Alpine's revival had been linked to Lotus, but Lotus' reorganisation under new owner DRB-Hicom made Caterham the clear frontrunner.
The partnership will produce cars for both Alpine and Caterham at the Dieppe factory in Normandy, with the first models expected in 2015. It is believed the Caterham version debut at around £40,000 (A$62,000).
While the Alpine brand is currently owned by Renault, the deal will see Caterham take a 50 percent stake. The company will be known as Societe des Automobiles Alpine Caterham from January 2013.
“I want to thank Carlos Ghosn and Carlos Tavares and everyone in our new Renault family for having the belief in Caterham Group to create this partnership," Tony Fernandes, Caterham Chairman said.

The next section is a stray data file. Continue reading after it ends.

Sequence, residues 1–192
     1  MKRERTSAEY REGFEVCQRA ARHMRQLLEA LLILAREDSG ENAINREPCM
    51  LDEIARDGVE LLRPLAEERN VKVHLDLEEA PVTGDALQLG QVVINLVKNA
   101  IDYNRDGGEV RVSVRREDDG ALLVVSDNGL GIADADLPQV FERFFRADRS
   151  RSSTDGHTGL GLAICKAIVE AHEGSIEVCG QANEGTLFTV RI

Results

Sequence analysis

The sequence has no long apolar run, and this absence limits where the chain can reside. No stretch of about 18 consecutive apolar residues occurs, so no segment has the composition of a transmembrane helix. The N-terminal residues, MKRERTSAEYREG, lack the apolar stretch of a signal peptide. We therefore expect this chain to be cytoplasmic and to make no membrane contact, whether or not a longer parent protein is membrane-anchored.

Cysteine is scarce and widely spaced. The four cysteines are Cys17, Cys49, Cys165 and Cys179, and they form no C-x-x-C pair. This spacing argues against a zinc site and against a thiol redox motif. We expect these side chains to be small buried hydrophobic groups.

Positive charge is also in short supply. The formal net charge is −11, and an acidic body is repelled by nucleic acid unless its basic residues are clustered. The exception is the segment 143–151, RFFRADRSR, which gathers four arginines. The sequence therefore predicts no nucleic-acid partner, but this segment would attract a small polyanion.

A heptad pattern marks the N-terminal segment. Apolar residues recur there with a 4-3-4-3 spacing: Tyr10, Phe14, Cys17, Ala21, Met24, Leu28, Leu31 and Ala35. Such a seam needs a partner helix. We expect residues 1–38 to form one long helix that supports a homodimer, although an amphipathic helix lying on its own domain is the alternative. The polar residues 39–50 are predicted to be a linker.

“Porsche is without doubt my vision for Caterham in the longer term. [The joint venture] is the start of a line of products - city cars and crossovers come to mind - and Porsche set a great template."
The new Alpine will be headed by Renault's Vice President of Transformation, Bernard Ollivier.
The global response was hugely positive, the car also appearing at the Goodwood Festival of Speed. Sadly, however, this won't be the car the company puts into production.
“This innovative partnership with Caterham embodies a longstanding ambition: the creation of a sports car with the Alpine DNA. It carries both opportunities for the Dieppe plant and the development of its historic know-how,” Renault CEO Carlos Ghosn said.
Caterham's 7 will continue on with Ford engines "until the end of their lifecycle" when the old-timer will most likely switch to Renault power.